News Corp considering blocking Google searches entirely : Murdoch

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Rupert Murdoch, the Chairman of News Corporation talks about making internet news content payable. He says, there is huge cost involved in generating quality news material and it cannot come for free. He adds, people read free content just because they read at or; they link brand Google and Microsoft with the news while they have little role in ensuring the accuracy of content.

More from this video — Sky News : Interview with Rupert Murdoch

Some important points from the talk:

1. He might remove stories from Google’s search index as a way to encourage people to pay for content online.

2. There’s a doctrine called fair use for Search Engines, which he believes to be challenged in the courts and would bar it altogether. News Corp will take that slowly.

“I think we will, but that’s when we start charging,” he said. “We have it already with the Wall Street Journal. We have a wall, but it’s not right to the ceiling. You can get, usually, the first paragraph from any story – but if you’re not a paying subscriber to all you get is a paragraph and a subscription form.”

The 78-year-old mogul’s assertion is not actually correct: users who click through to screened articles from Google searches are usually offered the full text of the story without any subscription block. It is only users who find their way to the story through the Wall Street Journal’s website who are told they must subscribe before they can read further.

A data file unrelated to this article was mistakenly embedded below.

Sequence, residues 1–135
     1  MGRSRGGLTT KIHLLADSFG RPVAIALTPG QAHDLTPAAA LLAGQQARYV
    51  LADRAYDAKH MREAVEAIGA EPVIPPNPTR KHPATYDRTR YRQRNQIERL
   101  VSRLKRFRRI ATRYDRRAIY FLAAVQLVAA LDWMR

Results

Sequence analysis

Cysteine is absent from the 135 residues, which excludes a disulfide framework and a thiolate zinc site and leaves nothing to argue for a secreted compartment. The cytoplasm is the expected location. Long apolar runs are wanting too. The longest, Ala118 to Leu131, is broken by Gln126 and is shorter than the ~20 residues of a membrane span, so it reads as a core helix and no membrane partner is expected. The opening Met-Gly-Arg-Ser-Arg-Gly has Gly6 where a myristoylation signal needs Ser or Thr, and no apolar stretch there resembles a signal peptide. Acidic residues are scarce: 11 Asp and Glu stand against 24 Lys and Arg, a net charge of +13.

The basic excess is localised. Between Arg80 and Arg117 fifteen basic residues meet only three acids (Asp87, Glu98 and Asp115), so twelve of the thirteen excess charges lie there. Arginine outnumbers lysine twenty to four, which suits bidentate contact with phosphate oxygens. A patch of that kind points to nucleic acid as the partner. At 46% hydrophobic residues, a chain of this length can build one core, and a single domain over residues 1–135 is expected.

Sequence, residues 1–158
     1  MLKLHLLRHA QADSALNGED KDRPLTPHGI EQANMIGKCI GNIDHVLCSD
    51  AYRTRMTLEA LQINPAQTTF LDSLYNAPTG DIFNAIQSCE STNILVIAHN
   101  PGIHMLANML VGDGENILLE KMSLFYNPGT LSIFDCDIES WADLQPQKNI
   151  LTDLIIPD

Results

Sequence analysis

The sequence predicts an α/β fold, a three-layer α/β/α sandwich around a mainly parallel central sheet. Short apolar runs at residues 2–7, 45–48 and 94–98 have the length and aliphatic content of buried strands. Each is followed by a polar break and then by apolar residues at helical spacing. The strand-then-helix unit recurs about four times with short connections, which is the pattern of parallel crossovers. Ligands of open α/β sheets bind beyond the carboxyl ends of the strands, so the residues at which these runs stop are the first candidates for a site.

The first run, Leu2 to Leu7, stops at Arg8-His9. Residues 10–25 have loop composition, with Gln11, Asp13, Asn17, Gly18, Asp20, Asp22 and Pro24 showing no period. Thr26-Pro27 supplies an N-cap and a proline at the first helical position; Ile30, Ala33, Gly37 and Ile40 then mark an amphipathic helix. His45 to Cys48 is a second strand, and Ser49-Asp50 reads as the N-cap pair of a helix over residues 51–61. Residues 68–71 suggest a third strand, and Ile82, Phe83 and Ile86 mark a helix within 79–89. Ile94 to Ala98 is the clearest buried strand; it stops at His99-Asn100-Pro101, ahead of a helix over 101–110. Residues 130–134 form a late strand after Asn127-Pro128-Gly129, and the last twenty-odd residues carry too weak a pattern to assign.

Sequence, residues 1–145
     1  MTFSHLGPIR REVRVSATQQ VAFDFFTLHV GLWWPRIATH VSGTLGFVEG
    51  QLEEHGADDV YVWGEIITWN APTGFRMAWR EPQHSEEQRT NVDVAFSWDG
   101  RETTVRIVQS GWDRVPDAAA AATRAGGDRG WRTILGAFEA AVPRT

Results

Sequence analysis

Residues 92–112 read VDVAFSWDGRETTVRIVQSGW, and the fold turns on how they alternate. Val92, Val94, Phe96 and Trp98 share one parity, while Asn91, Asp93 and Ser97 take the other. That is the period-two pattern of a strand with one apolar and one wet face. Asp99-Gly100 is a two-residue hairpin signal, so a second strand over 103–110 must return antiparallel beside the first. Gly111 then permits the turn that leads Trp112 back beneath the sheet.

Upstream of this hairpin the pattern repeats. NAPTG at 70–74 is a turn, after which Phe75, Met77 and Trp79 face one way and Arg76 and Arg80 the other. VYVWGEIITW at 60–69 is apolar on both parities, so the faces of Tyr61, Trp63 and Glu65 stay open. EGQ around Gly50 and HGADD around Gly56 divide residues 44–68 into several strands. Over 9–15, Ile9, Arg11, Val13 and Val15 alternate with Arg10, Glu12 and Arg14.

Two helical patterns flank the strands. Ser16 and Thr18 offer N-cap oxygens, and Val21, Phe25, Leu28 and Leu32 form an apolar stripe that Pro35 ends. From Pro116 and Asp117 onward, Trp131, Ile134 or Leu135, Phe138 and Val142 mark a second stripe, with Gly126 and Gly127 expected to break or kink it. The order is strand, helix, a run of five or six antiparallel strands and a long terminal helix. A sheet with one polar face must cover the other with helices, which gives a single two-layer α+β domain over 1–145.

News Corp owns various online News Channels including The Sun, The Times and the Wall Street Journal.


This is a war between the Open Service model following giants like Google, MSN and Yahoo versus the Subscription Model following giants like News Corp. Victory of the first group is likely to benefit the mass users while it can affect the quality news producers badly.

Full content of Wall Street Journal is already paid for long time but the site does not seem to be losing any significant traffic. Its Alexa ranking seems stable and growing for more than a year.


Online WSJ is believed to have more than a million paid subscribers now. The Economist and Bloomberg have already said that they are following the subscription model very soon.

Now Google has to play its ball. After all it benefits from keeping people online and making the users move from one channel to another in search of news. If users stick to few sites, Google is gonna lose. It cannot simply tolerate this.

Yahoo’s shifted focus on generating online content might help Google’s cause and make life difficult for Murdoch and family. Good for the consumers like us. The battle has begun. Lets wait and watch what’s coming ahead.

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